Our social world is incredibly complex: it is composed of relationships between individuals, social networks, and broader cultural groups. We are interested in how infants and young children start to make sense of all of these nuances in their social world. In particular, our research focuses on what cues people use to make inferences about the type of social relationships people will engage in, and the whether people belong to the same social group.

Food choice can serve as a social shibboleth, whereby information about what a person eats affords insight into her likely cultural background and social relationships. We are interested in how infants think about the link between food choice and culture: whether they expect people from the same social group to be more likely to converge in their food preferences, and whether their own food choices may be guided by social information and cultural practices.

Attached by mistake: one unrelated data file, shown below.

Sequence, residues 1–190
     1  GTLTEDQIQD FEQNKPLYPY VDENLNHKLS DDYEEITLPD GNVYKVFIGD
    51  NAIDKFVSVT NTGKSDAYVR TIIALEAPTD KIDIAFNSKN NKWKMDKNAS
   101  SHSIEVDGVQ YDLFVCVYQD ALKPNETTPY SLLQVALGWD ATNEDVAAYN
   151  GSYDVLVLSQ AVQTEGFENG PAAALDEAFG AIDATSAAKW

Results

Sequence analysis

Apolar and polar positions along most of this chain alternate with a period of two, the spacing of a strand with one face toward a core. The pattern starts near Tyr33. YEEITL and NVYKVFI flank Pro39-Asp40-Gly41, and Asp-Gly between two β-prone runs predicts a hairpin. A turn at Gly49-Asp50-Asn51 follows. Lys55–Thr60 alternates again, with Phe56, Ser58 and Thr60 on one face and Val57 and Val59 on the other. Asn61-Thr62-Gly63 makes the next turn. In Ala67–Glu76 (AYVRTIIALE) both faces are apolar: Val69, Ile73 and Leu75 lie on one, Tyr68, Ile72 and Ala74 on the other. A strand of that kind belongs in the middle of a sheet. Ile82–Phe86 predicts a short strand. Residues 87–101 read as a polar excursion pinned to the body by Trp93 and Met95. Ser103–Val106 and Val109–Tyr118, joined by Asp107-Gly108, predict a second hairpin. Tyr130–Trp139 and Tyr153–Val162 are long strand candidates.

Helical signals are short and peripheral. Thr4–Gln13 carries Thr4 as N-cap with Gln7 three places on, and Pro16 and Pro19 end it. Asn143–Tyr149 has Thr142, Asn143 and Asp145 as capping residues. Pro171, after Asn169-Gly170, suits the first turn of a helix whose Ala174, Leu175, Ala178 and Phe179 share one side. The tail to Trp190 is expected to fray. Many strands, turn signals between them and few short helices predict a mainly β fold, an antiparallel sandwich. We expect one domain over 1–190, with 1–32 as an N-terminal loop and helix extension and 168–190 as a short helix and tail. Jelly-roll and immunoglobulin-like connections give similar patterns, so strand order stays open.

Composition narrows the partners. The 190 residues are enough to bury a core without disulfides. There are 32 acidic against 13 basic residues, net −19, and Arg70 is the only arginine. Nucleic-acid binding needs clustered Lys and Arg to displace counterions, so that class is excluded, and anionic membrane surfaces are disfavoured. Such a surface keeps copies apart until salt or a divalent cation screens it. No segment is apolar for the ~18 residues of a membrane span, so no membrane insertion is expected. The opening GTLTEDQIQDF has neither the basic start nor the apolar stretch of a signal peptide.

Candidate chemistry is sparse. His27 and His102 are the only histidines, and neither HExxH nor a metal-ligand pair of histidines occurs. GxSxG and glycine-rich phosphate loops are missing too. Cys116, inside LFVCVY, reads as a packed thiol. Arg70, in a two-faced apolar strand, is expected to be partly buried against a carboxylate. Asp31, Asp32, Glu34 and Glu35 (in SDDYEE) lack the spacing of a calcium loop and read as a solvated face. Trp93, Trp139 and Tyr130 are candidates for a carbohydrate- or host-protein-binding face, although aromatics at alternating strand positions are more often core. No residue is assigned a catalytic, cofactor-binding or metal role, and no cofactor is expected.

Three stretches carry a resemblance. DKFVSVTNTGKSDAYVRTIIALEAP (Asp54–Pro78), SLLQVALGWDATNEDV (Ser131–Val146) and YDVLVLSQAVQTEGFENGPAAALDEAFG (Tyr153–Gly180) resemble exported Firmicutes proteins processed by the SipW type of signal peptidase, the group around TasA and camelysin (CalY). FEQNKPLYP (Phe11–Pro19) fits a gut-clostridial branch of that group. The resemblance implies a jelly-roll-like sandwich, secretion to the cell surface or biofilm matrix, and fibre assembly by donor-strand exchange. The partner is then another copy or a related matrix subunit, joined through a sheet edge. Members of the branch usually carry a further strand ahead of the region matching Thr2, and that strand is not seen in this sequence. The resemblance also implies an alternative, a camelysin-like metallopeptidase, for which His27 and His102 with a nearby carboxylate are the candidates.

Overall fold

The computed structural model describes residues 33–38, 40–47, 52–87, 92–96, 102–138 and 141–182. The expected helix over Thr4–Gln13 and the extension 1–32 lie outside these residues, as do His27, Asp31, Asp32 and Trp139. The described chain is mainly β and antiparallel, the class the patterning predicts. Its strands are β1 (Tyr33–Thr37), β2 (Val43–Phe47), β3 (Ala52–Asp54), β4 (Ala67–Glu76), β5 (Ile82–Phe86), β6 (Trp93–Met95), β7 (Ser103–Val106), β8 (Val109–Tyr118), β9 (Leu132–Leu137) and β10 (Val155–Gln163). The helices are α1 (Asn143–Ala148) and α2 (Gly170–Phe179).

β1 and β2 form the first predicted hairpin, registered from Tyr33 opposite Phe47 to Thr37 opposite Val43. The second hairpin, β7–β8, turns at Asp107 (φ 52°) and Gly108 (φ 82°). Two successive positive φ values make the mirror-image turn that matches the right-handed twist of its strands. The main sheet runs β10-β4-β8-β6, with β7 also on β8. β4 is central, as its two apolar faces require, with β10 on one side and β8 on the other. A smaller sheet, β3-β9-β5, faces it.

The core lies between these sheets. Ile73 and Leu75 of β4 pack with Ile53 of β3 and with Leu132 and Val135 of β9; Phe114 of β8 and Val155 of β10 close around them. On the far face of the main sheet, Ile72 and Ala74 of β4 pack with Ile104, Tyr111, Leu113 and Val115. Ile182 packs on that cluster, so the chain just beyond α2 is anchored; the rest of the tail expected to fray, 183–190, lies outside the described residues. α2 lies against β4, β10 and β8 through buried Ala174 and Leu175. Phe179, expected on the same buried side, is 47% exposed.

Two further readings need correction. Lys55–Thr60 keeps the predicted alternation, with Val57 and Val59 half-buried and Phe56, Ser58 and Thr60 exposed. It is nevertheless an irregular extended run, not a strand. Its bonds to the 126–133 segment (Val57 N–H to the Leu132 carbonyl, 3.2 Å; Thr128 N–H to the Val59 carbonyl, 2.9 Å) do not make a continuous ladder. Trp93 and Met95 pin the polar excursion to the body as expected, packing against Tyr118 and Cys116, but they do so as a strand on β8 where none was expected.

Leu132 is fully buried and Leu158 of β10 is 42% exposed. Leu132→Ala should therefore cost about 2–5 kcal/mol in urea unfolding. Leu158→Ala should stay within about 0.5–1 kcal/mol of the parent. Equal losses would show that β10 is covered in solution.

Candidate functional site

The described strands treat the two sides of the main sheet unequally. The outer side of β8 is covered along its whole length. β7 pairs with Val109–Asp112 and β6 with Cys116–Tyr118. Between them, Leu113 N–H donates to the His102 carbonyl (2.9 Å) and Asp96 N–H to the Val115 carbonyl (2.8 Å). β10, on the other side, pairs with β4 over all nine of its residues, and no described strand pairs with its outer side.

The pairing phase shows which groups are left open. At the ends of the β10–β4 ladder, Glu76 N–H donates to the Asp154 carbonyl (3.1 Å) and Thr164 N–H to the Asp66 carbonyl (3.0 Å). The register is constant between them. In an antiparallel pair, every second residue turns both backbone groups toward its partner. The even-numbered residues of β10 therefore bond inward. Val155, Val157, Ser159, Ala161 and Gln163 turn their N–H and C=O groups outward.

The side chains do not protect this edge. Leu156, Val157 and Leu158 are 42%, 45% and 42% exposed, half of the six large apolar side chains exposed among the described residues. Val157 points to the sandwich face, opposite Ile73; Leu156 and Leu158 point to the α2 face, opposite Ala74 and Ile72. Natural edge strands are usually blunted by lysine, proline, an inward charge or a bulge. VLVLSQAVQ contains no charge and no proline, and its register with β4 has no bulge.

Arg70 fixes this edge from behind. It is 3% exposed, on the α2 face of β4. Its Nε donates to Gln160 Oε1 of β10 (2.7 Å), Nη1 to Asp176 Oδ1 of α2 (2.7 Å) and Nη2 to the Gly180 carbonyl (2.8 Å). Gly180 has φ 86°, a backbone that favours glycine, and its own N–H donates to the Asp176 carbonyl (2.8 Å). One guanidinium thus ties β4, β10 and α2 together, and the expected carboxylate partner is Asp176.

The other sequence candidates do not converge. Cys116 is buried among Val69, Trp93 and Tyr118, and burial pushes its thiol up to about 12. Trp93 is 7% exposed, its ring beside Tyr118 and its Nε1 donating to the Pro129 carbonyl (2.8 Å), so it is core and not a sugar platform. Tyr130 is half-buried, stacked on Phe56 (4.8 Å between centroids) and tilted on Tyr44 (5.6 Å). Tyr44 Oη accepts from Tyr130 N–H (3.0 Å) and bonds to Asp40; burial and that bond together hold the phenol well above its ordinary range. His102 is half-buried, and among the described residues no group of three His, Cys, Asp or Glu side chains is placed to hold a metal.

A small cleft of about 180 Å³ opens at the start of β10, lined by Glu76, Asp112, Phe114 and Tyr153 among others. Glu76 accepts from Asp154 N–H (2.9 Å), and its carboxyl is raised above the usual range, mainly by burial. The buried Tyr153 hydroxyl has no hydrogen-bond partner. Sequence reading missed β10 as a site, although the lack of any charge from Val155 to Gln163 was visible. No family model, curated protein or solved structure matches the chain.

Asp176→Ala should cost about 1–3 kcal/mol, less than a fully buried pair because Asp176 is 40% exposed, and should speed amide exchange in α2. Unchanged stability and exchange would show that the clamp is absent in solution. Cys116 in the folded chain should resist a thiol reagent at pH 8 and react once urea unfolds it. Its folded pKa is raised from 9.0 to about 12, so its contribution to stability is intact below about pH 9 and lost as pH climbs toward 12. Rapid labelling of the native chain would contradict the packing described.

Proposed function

Children have extremely varied socio-linguistic backgrounds. We are interested in how these different experiences (both in terms of actually learning to speak another language, as well as in the social interactions that come from interacting with people in a multilingual enviornment) influence numerous aspects of social cognition, including communication and perspective taking.